Actually it was a triple whammy, when you consider that the win came just after the Cubs had defeated the Pirates. The Brewers needed the rally to improve to 72-69, and with it they remained tied with Chicago atop the division with 21 games to play.
Or a quadruple whammy, considering how many times the Brewers have been on the other side of games like this one. They have lost 15 games after leading by three or more runs, tops in the Majors.
"All wins are big wins, but when you come back like that, it's a good feeling," said first baseman Prince Fielder, who had two hits, including his National League-leading 43rd home run. "Not that any win is bigger than the other, but it gets you excited when you come back like that."
The Brewers improved to 27-43 on the road and 7-52 when trailing after seven innings. They were in an early hole courtesy of Reds rookie Joey Votto, who gave his club a 3-0 lead with a three-run home run in the second inning.
The Brewers chipped away. Starter Jeff Suppan helped his own cause when he scored on a Gabe Gross groundout in the fifth inning. Fielder lined a solo home run off tough Reds starter Aaron Harang in the sixth to pull Millwaukee within a run.
Fielder had another big night, prompting an "MVP!" chant from a vocal group of Brewers fans seated behind the visitors' dugout. He sparked the tying rally in the eighth inning after drawing a walk on a close pitch from Reds reliever Jared Burton, scampered to third on a Bill Hall double, then tested Reds right fielder Ken Griffey Jr.'s arm on Geoff Jenkins' sacrifice fly to medium-right field.
"I've got to go with that guy [Harang] on the mound," Fielder said. "If I didn't go, he probably stays in the game. With those guys, you want to try to get them out. 'Cuz' [third-base coach Nick Leyva] was telling me, 'Go!' as soon as the ball was in the air."
Harang allowed two runs and scattered seven hits while striking out seven in seven innings.
Facing Reds closer David Weathers in the ninth, Craig Counsell led off with a single and advanced on a sacrifice bunt. That brought up Weeks, who struck out three times Friday and twice more on Saturday before hitting safely in his final three at-bats.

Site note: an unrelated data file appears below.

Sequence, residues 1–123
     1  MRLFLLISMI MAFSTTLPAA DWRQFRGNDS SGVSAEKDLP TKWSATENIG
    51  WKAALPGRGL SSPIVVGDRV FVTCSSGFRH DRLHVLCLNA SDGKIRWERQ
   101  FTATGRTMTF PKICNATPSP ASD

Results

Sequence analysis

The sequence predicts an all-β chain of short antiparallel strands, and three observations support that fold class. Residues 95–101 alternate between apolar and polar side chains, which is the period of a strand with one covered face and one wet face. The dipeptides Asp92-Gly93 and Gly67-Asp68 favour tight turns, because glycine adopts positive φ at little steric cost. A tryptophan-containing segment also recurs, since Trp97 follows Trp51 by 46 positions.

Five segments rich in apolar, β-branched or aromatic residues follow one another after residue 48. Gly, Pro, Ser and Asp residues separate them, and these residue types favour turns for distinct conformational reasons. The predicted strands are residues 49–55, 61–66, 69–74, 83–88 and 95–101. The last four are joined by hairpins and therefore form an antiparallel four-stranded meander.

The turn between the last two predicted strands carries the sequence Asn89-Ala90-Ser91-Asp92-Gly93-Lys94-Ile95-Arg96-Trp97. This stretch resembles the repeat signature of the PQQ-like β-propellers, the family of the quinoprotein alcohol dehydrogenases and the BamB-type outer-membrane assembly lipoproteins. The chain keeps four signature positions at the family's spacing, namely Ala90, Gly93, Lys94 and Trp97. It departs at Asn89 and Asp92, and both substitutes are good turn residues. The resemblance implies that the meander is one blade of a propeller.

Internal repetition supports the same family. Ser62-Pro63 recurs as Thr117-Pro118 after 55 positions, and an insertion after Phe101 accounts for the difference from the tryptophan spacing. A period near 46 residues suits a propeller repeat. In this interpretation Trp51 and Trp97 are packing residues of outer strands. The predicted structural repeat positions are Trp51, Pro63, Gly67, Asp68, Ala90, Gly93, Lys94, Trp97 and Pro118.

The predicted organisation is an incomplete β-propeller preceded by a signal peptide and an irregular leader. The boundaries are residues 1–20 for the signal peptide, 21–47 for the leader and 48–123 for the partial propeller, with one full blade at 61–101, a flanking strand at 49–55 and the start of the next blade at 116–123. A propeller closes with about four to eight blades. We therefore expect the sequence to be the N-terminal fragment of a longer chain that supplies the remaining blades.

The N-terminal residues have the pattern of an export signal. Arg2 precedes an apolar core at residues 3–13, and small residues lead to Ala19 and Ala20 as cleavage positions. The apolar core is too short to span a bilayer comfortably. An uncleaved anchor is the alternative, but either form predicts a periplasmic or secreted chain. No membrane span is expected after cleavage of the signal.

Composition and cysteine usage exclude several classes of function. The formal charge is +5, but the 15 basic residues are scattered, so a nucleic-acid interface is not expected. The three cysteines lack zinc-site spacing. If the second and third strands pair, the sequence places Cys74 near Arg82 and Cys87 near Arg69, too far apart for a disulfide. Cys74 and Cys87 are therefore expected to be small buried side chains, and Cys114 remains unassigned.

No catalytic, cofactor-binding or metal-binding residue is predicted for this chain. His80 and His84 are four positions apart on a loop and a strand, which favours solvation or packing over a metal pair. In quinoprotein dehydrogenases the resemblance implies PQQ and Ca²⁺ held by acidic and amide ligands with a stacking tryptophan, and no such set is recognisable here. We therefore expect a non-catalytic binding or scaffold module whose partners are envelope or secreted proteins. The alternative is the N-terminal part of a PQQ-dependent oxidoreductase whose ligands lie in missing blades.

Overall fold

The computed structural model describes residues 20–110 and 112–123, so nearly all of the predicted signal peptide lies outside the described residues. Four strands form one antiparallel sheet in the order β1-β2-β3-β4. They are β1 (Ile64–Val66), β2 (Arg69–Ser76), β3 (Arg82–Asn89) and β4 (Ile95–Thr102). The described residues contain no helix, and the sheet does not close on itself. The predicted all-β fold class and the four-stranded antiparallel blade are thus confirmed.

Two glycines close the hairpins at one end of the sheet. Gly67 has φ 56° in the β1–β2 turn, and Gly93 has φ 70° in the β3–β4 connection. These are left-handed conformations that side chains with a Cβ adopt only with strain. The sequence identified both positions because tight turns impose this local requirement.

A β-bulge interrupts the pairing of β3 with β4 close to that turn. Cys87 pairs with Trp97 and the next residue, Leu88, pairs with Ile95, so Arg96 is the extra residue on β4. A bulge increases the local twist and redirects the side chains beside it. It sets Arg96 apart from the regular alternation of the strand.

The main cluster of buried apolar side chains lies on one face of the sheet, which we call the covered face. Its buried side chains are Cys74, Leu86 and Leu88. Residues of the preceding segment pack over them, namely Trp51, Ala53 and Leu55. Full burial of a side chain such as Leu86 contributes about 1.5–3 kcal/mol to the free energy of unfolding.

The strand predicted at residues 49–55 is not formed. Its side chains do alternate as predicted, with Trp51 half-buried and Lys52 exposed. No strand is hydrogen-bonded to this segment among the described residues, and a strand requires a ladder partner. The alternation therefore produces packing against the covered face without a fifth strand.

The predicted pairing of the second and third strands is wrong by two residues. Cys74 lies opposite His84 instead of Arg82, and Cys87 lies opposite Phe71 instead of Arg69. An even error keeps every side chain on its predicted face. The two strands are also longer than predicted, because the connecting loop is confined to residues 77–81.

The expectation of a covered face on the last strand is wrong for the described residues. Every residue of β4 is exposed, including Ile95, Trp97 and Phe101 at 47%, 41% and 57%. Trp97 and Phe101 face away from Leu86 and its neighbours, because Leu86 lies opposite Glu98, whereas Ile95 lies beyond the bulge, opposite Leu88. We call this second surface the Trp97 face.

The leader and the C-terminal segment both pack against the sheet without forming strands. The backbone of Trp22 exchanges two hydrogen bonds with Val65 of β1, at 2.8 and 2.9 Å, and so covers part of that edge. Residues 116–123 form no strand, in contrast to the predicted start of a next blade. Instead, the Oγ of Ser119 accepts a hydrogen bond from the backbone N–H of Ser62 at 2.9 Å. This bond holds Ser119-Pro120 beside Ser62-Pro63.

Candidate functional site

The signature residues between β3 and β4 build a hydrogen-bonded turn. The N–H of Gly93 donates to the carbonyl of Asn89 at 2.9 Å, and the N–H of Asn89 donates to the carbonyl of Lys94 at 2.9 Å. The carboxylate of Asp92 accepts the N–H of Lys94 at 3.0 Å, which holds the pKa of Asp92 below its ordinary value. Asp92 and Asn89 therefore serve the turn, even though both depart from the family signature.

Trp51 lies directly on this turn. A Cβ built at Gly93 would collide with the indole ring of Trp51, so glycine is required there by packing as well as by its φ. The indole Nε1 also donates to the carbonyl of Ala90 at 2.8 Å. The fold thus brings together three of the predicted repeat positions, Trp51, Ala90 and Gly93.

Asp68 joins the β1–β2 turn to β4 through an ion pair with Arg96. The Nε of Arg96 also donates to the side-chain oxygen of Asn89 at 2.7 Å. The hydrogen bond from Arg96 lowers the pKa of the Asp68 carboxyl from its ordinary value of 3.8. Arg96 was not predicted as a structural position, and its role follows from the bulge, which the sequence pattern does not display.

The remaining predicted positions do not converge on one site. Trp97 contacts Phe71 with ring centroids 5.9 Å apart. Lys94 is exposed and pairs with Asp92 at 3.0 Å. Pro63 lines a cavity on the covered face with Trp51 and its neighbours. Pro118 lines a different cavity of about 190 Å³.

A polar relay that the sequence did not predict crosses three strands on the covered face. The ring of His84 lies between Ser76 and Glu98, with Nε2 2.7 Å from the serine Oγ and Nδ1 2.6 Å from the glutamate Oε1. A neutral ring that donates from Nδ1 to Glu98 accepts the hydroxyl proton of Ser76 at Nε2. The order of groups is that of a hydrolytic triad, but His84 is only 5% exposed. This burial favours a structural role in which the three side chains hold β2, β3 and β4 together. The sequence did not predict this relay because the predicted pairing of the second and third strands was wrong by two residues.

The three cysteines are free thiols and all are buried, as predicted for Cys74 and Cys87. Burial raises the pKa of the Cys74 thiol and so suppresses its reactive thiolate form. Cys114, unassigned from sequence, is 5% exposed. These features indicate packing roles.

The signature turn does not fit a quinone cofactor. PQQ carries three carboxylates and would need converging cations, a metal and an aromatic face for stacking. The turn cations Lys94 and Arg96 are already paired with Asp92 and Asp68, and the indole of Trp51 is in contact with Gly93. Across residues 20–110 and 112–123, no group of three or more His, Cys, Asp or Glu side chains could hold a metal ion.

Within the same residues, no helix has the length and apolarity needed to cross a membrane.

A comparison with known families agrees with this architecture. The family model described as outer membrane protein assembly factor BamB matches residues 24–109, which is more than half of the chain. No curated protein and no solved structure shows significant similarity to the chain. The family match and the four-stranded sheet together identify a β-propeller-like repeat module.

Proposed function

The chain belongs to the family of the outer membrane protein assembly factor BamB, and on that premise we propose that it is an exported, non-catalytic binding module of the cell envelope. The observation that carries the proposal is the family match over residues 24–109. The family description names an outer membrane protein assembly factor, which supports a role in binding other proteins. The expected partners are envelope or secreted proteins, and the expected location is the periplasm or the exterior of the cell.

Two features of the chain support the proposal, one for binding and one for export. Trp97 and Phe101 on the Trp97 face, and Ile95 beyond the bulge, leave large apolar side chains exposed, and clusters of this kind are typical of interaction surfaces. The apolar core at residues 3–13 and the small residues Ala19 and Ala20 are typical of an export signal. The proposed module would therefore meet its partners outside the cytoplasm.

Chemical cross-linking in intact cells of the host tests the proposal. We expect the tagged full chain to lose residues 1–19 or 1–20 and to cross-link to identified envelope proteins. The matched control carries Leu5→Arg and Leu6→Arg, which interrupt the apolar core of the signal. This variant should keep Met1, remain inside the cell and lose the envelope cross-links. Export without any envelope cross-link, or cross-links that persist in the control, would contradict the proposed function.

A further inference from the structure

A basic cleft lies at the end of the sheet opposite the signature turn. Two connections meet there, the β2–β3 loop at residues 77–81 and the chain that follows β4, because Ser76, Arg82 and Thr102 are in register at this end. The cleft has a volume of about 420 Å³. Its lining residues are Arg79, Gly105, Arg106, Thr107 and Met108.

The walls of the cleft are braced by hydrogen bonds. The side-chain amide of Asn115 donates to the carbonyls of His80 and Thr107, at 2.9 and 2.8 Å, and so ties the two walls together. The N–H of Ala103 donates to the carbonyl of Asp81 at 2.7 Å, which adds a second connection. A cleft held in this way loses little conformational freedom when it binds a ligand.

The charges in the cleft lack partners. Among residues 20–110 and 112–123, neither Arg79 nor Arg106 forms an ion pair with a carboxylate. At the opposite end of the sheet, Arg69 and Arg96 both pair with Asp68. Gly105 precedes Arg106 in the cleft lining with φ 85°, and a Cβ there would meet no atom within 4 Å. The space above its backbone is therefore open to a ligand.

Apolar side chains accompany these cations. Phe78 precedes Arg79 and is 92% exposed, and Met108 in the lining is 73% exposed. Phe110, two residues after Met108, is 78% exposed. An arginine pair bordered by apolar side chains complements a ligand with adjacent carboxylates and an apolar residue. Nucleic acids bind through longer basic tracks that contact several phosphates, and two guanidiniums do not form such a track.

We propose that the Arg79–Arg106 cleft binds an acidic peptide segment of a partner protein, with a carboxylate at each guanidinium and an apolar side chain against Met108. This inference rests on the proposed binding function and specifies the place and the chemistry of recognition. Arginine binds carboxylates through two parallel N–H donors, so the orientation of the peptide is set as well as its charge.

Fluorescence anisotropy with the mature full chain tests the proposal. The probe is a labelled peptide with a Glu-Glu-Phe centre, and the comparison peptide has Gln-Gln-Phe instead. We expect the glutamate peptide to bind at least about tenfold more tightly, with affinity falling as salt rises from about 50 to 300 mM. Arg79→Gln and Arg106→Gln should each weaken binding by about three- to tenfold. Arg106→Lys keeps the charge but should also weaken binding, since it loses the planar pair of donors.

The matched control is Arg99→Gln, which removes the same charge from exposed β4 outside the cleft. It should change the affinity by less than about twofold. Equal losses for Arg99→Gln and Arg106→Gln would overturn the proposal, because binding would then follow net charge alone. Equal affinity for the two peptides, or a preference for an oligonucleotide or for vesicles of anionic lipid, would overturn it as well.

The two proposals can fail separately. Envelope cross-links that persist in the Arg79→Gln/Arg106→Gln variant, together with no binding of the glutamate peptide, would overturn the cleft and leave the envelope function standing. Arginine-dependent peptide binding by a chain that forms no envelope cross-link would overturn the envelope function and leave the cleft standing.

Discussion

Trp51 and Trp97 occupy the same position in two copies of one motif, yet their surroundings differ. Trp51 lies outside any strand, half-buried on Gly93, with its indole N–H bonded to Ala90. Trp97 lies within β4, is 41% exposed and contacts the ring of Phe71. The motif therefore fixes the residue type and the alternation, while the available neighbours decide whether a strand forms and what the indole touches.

"I just told myself to concentrate more, I guess," Weeks said. "I thought a couple pitches could have gone the other way in the first couple at-bats, and I kind of got frustrated a little bit. But in this game that is going to happen, so you have to battle down and stay confident."
His go-ahead triple went to the right-center-field gap.
"Rickie came through for us when we really needed him," Brewers manager Ned Yost said. "That was a huge hit, and a big win for us."
Suppan was sharp outside of the second inning and made his 30th start this season, giving the durable right-hander nine consecutive years with at least 30. The Mets' Tom Glavine and the Padres' Greg Maddux (12 seasons apiece) are the only active Major Leaguers with more consecutive 30-start seasons, though Arizona's Livan Hernandez will make it 10 straight years when he makes his next start on Monday.
"He's a guy that keeps plugging along without a lot of fanfare," Yost said of Suppan, who signed a club-record contract last December. "He's very consistent in what he does."
Suppan surrendered three hits and a walk in six innings. The home run pitch to Votto was down and inside, but the Reds rookie somehow muscled it the opposite way for a three-run homer.
"I was surprised with where it was that he actually stayed inside of it and was able to hit it out," Suppan said. "I thought he would have pulled it. But that's the big leagues."
The Brewers were bolstered by the noisy group of fans who owned a section near the visitor's dugout. One fan had shaved a Brewers logo into his chest hair.
"Yeah, I took a picture with that guy before the game," Turnbow said. "That's hilarious. We love it.
"The Milwaukee fans have been great. There have been a lot of them here the last two days, and that definitely helps us out."